Kenyan director, Wanuri Kahiu, has broken into Netflix’s top 10 ranked movies with her film Look Both Ways. The film, which was released on 17 August, is currently ranked second on the top 10 movies on Netflix globally, while it is the number one film in 61 countries including Kenya, Canada, Bolivia, Sweden, and the UK.
The film centers around a young woman, played by Hollywood actress Lili Reinhart, who takes a pregnancy test just before her college graduation. The audience then sees two different scenarios: one where the test is positive and she becomes a young mother, and an alternative story where the test is negative and she instead moves to Los Angeles to pursue her career ambitions.
‘Look both ways’ has parallels with Wanuri Kahiu’s life
Speaking about working on the film, Kahiu told Variety in an interview: “I believe in parallel lives and multiple existences, and it really appealed to me.”
In Look Both Ways, Kahiu makes several nods to her Kenyan heritage. In one scene, Hollywood actress Nia Long is dancing to a Swahili song by Kenyan musician, producer, and DJ ‘Blinky’ Bill Sellanga, called ‘Bado Mapema (Simama)’.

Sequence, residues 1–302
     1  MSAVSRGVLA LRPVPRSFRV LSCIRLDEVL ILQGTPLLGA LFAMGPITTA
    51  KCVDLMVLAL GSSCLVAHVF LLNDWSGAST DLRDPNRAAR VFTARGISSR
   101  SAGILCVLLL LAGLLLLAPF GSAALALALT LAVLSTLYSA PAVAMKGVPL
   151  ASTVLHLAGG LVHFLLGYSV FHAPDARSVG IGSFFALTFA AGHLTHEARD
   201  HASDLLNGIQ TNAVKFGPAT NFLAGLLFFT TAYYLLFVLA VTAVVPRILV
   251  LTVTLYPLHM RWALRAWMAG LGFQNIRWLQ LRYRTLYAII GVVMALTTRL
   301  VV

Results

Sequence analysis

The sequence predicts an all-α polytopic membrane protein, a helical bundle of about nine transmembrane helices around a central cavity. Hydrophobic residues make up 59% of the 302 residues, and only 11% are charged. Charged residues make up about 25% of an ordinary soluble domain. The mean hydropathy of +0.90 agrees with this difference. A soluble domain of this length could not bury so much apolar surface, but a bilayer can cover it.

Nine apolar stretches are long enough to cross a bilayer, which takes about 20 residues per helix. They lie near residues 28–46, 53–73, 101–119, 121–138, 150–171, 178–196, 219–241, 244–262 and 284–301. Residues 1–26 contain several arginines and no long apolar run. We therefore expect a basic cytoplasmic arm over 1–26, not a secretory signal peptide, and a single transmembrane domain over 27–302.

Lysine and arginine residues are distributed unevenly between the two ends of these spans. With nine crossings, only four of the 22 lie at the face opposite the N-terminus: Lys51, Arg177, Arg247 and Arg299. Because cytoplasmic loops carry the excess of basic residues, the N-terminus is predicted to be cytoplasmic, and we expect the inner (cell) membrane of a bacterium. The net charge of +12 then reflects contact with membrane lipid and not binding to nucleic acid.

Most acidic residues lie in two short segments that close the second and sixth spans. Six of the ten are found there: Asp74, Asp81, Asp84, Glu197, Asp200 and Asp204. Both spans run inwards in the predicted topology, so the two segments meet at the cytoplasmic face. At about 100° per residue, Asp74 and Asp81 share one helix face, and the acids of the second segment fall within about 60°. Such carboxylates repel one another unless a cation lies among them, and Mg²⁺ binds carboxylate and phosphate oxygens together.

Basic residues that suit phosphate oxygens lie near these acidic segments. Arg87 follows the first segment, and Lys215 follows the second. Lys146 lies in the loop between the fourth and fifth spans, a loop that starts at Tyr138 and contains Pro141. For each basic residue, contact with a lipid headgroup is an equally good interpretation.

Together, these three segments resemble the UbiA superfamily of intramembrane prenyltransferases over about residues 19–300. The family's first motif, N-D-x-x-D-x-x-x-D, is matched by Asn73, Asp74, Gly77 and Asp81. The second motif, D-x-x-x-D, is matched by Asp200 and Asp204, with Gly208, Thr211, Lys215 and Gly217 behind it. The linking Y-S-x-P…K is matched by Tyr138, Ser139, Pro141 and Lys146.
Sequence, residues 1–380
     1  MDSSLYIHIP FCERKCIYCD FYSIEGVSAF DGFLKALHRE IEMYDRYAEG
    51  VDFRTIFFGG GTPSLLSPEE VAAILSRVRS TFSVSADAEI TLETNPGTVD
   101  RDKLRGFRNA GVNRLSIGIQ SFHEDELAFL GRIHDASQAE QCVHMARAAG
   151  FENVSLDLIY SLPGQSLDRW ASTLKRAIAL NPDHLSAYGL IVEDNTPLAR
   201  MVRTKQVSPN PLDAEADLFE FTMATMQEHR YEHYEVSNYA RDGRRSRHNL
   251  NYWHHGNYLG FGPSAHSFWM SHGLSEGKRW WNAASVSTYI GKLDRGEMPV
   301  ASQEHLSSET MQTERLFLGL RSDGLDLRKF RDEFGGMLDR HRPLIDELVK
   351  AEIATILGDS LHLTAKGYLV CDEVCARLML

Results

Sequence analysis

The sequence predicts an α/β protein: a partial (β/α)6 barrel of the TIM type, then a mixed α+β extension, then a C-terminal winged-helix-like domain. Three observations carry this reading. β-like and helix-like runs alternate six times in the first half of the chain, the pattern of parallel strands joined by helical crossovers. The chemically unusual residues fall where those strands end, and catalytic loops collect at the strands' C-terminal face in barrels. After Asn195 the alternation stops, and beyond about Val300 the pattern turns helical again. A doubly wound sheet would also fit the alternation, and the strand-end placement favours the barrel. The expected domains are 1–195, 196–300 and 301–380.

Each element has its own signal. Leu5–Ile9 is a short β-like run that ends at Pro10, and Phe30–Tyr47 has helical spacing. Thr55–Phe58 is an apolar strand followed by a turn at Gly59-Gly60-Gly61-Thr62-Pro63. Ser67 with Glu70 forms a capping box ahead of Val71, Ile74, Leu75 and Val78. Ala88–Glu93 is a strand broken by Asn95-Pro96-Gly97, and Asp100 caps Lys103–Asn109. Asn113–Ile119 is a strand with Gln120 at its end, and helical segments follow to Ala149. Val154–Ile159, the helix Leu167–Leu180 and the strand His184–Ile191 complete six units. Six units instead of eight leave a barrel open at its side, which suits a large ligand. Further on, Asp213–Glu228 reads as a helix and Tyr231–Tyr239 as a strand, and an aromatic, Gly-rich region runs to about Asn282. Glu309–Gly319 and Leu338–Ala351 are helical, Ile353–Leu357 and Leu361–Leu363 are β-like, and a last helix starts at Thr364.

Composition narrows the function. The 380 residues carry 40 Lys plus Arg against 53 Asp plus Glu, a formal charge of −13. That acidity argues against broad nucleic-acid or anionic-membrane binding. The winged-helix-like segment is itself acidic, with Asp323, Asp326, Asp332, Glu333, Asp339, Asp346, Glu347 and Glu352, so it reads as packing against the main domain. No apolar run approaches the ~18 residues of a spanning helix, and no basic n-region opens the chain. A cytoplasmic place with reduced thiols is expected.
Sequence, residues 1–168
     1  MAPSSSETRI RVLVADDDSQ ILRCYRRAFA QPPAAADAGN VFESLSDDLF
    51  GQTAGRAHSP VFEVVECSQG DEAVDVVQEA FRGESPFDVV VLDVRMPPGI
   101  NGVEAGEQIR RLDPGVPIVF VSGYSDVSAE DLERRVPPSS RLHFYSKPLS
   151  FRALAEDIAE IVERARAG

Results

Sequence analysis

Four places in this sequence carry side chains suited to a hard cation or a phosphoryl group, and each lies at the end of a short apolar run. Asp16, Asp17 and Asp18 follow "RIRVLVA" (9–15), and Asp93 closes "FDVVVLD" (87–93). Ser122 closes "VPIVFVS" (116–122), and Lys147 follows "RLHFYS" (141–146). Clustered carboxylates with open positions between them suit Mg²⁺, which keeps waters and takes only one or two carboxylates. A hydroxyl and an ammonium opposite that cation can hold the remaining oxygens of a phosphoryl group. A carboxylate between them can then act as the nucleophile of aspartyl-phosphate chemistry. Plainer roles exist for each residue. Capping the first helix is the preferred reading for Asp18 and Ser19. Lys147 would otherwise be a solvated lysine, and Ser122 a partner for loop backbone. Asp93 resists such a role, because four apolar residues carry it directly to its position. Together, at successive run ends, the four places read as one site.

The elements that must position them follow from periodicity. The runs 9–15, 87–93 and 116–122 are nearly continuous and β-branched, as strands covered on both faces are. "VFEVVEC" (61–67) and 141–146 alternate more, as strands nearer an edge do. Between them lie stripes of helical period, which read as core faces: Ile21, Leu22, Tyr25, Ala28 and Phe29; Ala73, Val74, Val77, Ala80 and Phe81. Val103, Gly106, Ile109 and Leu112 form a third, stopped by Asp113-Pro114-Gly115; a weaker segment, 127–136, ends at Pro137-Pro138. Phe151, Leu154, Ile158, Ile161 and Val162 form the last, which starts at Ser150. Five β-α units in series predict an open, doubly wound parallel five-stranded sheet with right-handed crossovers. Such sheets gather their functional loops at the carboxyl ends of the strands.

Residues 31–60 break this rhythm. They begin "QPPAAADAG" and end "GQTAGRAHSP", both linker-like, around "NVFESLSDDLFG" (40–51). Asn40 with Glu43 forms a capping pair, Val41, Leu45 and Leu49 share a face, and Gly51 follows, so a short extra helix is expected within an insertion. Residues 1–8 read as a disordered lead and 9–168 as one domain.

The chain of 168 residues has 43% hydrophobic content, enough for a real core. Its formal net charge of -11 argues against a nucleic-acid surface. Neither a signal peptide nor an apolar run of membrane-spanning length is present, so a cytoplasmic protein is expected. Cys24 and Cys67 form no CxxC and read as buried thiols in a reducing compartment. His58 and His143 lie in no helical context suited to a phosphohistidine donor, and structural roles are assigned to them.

“Nia Long dancing to my song in this movie has made my year,” tweeted Blinky. “Look Both Ways up and up.”
Many Kenyans have been voicing their support for Kahiu on social media, describing it as ‘a win’ for the country.
Wanuri Kahiu and ‘Rafiki’
Look Both Ways is Kahiu’s third feature film, but her first Hollywood project. Her previous films have focused on stories from Kenya, including Rafiki, which centered around a lesbian romance. The film was temporarily banned in Kenya in 2019 due to its “homosexual theme.”
Despite this, “Rafiki” received international acclaim and it was the first film from Kenya to be screened at the Cannes Film Festival in 2018. Her film From a Whisper—about the 1998 US embassy twin bombings in Kenya and Tanzania—also won best screenplay at the Africa Movie Academy Awards back in 2009.
Speaking about African filmmaking in a previous TEDTalk, Kahiu coined a term and started a movement called ‘Afrobubblegum’ saying the continent needs to tell more stories which are ‘vibrant’, and that the ‘danger of the single story is still being realized.’
Born and raised in Nairobi, Kenya, Kahiu studied in the UK and the US, before returning to Kenya, where she currently resides.
“It doesn’t matter where you come from, you have the ability to direct human experiences, because all human experiences are similar,” Kahiu said in an interview with Variety. “A young woman going through this is the same as a young woman in any other part of the world. At the end of everything, we’re the same underneath it all.”